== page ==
No, says Sadie. I’m hopeful. I just want to get past all this.

Sadie, says Madeline. Just look at the place.

The marks appear at odd times. When it rains, when it snows, when the lights flicker, when our moods are up, when our moods are down. We joke that the building is haunted. It is a sort of haunting, after all. The building used to be apartments. The marks are the traces of previous floors and ceilings. They appear in strange places. A half-foot above our heads. At our ankles. In our offices there are marks of where bathroom tiles used to be. Taps. Sinks.

Deep in the wards, in a corner, there is the shadow of a headboard, of the place where two heads might have slept side by side. It would please us to see how it appears behind two of the vessels, as if the original sleeping pair belong to us now, and they are merely dreaming together until the rain stops. The thought would please us, only each time we worry that this time the marks are here to stay.

We have been experiencing minor issues with the paintwork in the receptions area, we say. Work has already begun on correcting the issue. The wards are not affected.

There now, says Sadie.

Madeline turns to us. She scrutinises us for a moment She asks, Are all the ones who get this done already dying?

We are not at liberty to say. We don’t know.

Sadie has no eyelashes.

Cancer, then.

LIFE AFTER offers full-body preservation at reasonable prices. All the same, some people can only afford to preserve the head. The wards are full of them.

We are saddened by the thought of all those heads stacked up against the wall, alone. We wonder at their future.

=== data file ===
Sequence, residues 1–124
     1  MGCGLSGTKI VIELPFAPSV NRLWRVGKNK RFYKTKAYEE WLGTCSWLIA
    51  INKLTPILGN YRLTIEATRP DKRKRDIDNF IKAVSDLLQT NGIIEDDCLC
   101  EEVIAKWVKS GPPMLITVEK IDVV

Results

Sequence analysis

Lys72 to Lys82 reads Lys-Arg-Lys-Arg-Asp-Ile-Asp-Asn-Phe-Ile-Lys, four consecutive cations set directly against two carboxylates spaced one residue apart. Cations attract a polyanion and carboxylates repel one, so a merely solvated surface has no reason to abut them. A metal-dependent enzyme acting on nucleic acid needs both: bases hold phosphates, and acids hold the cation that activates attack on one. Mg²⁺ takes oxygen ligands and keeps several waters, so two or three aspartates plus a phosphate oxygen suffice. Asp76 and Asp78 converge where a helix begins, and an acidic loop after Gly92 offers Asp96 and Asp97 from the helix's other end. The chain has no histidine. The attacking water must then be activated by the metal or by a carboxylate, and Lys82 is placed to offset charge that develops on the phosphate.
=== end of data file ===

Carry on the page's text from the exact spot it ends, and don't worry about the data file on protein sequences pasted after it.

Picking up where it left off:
Sadie has saved up. We wonder where she got the money. Her hands are rough. Her mouth is set. She looks focused. The faraway look, perhaps, is only for Madeline.

A trickle of water has entered the basement. Those of us down in the wards quietly fetch mops and buckets.

So the idea is that she…she dies and then you stick her in a freezer?

Our team can be with Sadie within an hour of her legal death, and the process will begin, we say.

What if she dies on holiday? Or someone murders her? Or she’s in a terrible accident?

Sadie looks at Madeline, speechless.

I’m just asking, says Madeline.

We have links with international agencies that can assist with interim patient care. Transportation, we clarify. And as for the actual condition of the patient at the point of service, we are experienced and can respond to a variety of needs, from sudden death, to long illness.

She’s not ill!

Sadie says, No.

Then why…?

It is only sensible to make arrangements, we say. This is just one option among many, only there is no comparison between what LIFE AFTER offers and those other businesses. Funeral homes. That burying, burning business. The dreadful waste. The polluting, poisoning waste. The business of last chances and lost potential.

E for Emptor, as in Caveat.

And we are cheap, we remind her. We offer our patients the opportunity of a lifetime – of a life after time, of a lifeline, of having time at all – for less than half the rate of our competitors, undertakers included. And we currently offer TWO FOR ONE, we remind them, and point at the brochure. We only need to look out of the window, at the rain, to make our point.

Madeline asks us, Will you go for this when you die?

LIFE AFTER does not officially recognise death.

Legal death is only admin, we say. The founders enjoyed this turn of phrase, and had us repeat it whenever we could. It comes to some of us more readily than others.

Sadie says, I like that idea.

Madeline says, Ideas are fine.

Sadie says, I wish you’d join me.

Madeline runs her hands through her hair. Does it even work?

We say, Only time will tell.

The preservation of our first patient, the first patient who wasn’t one of the founders – head-only – was difficult and awkward because she collapsed suddenly at a hotel lounge over the border, and wasn’t transported for hours, The power failed often in those early days, often, and for long periods of time, which plunged the wards into darkness. We have taken it on faith that the patient – H001, whose details are anonymised on our website together with testimonial from the family about the success of our service – remains unspoiled. By the time the vessel is opened, by us, by force, by accident, all those who cared for them will be long gone. Only time will tell.

Sadie wants full body arrangements, says Madeline. What does that mean?